(50) based primarily on a series of deposits
  and events not directly related to
  glacial and interglacial periods, rather
  than on the more usual modern method
  of studying biological remains found
(55) in interglacial beds themselves
  interstratified within glacial deposits.
  Yet this succession was forced willy-
  nilly onto the glaciated parts of
  Northern Europe, where there are
(60) partial successions of true glacial
  ground moraines and interglacial
  deposits, with hopes of ultimately
  piecing them together to provide a
  complete Pleistocene succession.
(65) Eradication of the Alpine nomenclature
  is still proving a Herculean task.
   There is no conclusive evidence about
  the relative length, complexity, and
  temperatures of the various glacial and
(70) interglacial periods. We do not know
  whether we live in a postglacial period
  or an interglacial period. The chill
  truth seems to be that we are already
  past the optimum climate of postglacial
(75) time. Studies of certain fossil
  distributions and of the pollen of
  certain temperate plants suggest
  decreases of a degree or two in both
  summer and winter temperatures and,
(80) therefore, that we may be in the
  declining climatic phase leading to
  glaciation and extinction.

11. In the passage, the author is primarily concerned with
(A) searching for an accurate method of dating the Pleistocene epoch
(B) discussing problems involved in providing an accurate picture of the Pleistocene epoch
(C) declaring opposition to the use of the term "Ice Age" for the Pleistocene epoch
(D) criticizing fanciful schemes about what happened in the Pleistocene epoch
(E) refuting the idea that there is no way to tell if we are now living in an Ice Age

12. The "wrong impression" (lines 1-2) to which the author refers is the idea that the
(A) climate of the Pleistocene epoch was not very different from the climate we are now experiencing
(B) climate of the Pleistocene epoch was composed of periods of violent storms
(C) Pleistocene epoch consisted of very wet, cold periods mixed with very dry, hot periods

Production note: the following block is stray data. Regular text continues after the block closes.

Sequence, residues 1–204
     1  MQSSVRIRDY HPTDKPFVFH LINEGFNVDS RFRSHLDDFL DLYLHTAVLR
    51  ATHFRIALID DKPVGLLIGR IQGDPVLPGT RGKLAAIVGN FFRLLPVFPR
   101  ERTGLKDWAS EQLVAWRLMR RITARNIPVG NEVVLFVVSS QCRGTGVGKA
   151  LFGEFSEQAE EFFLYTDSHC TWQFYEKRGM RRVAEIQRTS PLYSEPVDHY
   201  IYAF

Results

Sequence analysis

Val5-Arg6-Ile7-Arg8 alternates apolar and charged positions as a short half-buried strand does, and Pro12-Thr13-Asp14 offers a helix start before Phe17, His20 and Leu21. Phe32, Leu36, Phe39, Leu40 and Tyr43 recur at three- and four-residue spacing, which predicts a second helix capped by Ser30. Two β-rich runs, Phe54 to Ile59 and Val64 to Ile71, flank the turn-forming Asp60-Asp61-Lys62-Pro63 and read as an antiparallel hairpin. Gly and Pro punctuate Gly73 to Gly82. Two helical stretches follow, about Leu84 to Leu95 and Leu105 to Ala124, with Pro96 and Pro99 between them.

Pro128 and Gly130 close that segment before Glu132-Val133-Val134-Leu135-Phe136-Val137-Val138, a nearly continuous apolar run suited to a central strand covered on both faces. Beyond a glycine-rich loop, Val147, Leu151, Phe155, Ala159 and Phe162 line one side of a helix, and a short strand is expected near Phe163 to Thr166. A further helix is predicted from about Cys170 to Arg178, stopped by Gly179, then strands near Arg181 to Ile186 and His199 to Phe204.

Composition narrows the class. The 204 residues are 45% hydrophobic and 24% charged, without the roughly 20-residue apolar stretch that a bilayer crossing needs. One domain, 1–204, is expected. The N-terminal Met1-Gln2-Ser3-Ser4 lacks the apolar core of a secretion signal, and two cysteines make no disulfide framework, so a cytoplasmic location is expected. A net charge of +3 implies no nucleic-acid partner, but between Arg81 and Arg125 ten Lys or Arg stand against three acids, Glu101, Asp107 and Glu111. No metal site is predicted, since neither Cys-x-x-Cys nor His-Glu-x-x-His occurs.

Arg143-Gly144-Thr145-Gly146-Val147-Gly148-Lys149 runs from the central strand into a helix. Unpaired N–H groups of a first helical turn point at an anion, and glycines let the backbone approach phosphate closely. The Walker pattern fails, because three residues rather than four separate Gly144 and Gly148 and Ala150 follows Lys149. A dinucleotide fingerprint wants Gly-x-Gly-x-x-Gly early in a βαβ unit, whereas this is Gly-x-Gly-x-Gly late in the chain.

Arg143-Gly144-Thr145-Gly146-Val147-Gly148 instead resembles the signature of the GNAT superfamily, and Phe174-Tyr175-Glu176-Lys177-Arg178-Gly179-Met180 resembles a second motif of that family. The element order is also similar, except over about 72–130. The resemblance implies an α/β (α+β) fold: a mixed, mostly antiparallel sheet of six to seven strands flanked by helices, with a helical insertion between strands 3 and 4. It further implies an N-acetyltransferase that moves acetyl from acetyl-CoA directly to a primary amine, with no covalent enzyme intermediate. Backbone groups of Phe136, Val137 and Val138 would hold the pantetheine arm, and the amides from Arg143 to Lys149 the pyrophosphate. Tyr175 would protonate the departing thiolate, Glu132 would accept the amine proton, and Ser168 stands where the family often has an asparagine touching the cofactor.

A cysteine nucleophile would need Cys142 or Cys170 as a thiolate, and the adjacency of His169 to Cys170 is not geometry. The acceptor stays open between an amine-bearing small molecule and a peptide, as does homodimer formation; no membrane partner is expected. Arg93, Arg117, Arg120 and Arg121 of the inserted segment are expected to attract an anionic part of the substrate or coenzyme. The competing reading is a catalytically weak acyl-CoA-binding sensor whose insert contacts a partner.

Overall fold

(D) Pleistocene epoch comprised one period of continuous glaciation during which Northern Europe was covered with ice sheets
(E) Pleistocene epoch has no long periods during which much of the Earth was covered by ice

13. According to the passage, one of the reasons for the deficiencies of the "early classification of Alpine glaciation" (lines 45-46) is that it was
(A) derived from evidence that was only tangentially related to times of actual glaciation
(B) based primarily on fossil remains rather than on actual living organisms
(C) an abstract, imaginative scheme of how the period might have been structured
(D) based on unmethodical examinations of randomly chosen glacial biological remains
(E) derived from evidence that had been haphazardly gathered from glacial deposits and inaccurately evaluated

14. Which of the following does the passage imply about the "early classification of Alpine glaciation" (lines 45-46)?
(A) It should not have been applied as widely as it was.
(B) It represents the best possible scientific practice, given the tools available at the time.
(C) It was a valuable tool, in its time, for measuring the length of the four periods of glaciation.
(D) It could be useful, but only as a general guide to the events of the Pleistocene epoch.
(E) It does not shed any light on the methods used at the time for investigating periods of glaciation.

15. It can be inferred from the passage that an important result of producing an accurate chronology of events of the Pleistocene epoch would be a
(A) clearer idea of the origin of the Earth
(B) clearer picture of the Earth during the time that humans developed
(C) clearer understanding of the reasons for the existence of deserts
(D) more detailed understanding of how radioactive dating of minerals works
(E) firmer understanding of how the northern polar ice cap developed

16. The author refers to deserts primarily in order to
(A) illustrate the idea that an interglacial climate is marked by oscillations of wet and dry periods
(B) illustrate the idea that what happened in the deserts during the Ice Age had far-reaching effects even on the ice sheets of Central and Northern Europe
(C) illustrate the idea that the effects of the Ice Age's climatic variations extended beyond the areas of ice
(D) support the view that during the Ice Age sheets of ice covered some of the deserts of the world